How about a little nonfiction?

On the heels of publishing my new novel, If Souls Can Sleep, I penned a couple of guest posts for blogs devoted to the readers and writers of speculative fiction.

The first article describes in painful detail how unwary readers can be bitten by the writer’s bug. It published on Jan. 29 in Rising Shadow. The second guest post focuses on the dangers of genre fiction. That one published on Feb. 4 in Sci-Fi and Scary.

Here’s a peek at both of them:

Dragon logo of Rising Shadow

The best books make readers want to become writers

We all begin as oblivious victims.

Maybe it happened when you were a child, cracking open the cover of a surreal Seussian story. Or maybe the transformation transpired during adolescence when you first confronted the consciousness-expanding, mind-bending narratives of that pantheon of authors who enthrall the human psyche with the outlandish and otherworldly.

Whatever the circumstances, the books you’ve explored have changed you. You are a reader. Moreover, you are a reader of fantasy and science fiction.

Oh, the words on the page seem innocuous enough. It’s just fiction, after all. But make no mistake: you’ve been infected by imagination.

And I’m sorry to report that sometimes creativity is contagious.

Read on!


Tentacle-centric masthead of Sci-Fi & Scary

Why genres must die

Imagine coming face to face with chaos incarnate.

Maybe it’s an ancient abomination awakened by a sorcerer’s incantation. Or a rogue AI, unburdened by conscience, bent on overwriting our reality. Or perhaps you’re confronting some failed science experiment, a monstrosity fixated on destroying the very order upon which our civilization thrives.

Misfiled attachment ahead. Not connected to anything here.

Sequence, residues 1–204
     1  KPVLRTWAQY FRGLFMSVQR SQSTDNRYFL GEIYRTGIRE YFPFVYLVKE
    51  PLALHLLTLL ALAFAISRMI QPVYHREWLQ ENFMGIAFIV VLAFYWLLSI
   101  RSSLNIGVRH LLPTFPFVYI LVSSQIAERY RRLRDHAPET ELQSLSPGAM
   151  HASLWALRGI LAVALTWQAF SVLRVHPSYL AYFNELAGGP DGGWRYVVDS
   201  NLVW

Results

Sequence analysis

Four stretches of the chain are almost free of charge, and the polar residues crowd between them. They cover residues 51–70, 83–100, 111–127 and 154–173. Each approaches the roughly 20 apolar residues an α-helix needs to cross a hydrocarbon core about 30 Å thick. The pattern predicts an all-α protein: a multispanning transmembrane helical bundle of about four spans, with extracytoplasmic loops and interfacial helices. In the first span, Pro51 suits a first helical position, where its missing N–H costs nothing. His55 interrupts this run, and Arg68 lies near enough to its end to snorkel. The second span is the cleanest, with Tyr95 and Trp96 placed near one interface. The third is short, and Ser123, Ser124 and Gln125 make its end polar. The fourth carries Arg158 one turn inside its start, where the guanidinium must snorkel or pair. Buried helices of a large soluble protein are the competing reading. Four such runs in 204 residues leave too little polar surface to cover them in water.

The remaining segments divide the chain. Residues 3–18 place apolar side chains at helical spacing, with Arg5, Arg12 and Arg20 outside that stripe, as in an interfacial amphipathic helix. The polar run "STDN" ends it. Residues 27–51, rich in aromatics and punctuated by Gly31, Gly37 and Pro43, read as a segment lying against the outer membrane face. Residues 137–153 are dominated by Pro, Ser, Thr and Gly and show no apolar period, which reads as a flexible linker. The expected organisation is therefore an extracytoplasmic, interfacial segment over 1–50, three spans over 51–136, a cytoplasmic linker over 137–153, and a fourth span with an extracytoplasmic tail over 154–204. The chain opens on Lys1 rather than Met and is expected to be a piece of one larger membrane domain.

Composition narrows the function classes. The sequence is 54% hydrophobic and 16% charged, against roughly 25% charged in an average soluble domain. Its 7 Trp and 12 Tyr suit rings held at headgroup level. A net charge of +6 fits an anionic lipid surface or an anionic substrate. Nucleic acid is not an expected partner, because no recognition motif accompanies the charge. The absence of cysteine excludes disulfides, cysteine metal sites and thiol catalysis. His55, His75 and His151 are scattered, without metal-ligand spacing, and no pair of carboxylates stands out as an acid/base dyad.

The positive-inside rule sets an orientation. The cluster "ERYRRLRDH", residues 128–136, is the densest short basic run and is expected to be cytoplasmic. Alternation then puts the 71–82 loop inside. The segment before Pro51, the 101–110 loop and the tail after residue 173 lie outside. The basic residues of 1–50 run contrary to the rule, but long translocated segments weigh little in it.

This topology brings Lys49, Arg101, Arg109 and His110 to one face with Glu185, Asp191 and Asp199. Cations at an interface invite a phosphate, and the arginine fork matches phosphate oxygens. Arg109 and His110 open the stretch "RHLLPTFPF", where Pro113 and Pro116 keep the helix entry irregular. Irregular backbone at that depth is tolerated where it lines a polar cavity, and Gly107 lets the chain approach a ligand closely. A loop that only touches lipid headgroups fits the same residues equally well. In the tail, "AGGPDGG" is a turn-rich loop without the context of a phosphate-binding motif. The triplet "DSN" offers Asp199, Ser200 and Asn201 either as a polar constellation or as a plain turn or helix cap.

Now, whichever form you wish to give this anarchic force, imagine it has done the unthinkable by destroying all notions of genre.

That’s right. The man-made system for distinguishing offshoots of speculative fiction from one another as well as Westerns, romance and even more remote boughs of the fictional family tree has been uprooted. You’ve been cast into an overgrown wilderness where fiction is just fiction.

Your skin prickles as you consider the implications. Pushing back panic, you type the URL to your preferred bookstore. But you’re too late. The functionality to filter by category is gone; the shortcut to your favorite stories, snuffed out.

How will you ever sort through the thousands—no, millions—of books that have been published to find the science fiction, horror, and dark fantasy books you cherish?

Read on!


If Souls Can Sleep

I contributed the above articles to gain some exposure for Book One of The Soul Sleep Cycle, which is now available in paperback and for Kindle.

Order it here!

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4 Comments

Filed under Writing

4 responses to “How about a little nonfiction?

  1. Very interesting! Congrats on your new novel!

  2. 1) Rather than a curse, I consider imagination a gift that has blessed my life since before I could write. 🙂

    2) Considering that traditional publishers have more marketing power, it concerns me that they turned down your book simply because they didn’t know what shelf to put it on. 😛 Diana Gabaldon is a true genre-bender, and she’s also hugely successful, so such narrow restrictions hurt everybody. I’d rather read a genre-bender than formulaic fiction.

    I’ve pondered the restrictions of genre, word count, and the like, and the usual claims that if you don’t follow the rules, you won’t get sales. And then I remembered:

    My favorite styles of music also fall outside the usual popular genres and restrictions. They don’t get pop-music-worthy sales because they don’t sound like Beyonce or Lady Gaga or whoever all is popular these days. And yet they have lots of devoted fans BECAUSE they don’t sound like Beyonce or Lady Gaga et al. The most popular web stream in the genre has a lot fewer listeners than any pop music web stream would. But I listen because, as far as I’m concerned, it’s better than anything else out there, and I can’t stand formulaic pop music.

    So literary genres are the same. If you follow the formulas, you could get lots of readers. But if you don’t, and you’re good at your craft, there are people out there who want to read that and can’t stand the “fluff” of to-the-numbers fiction.

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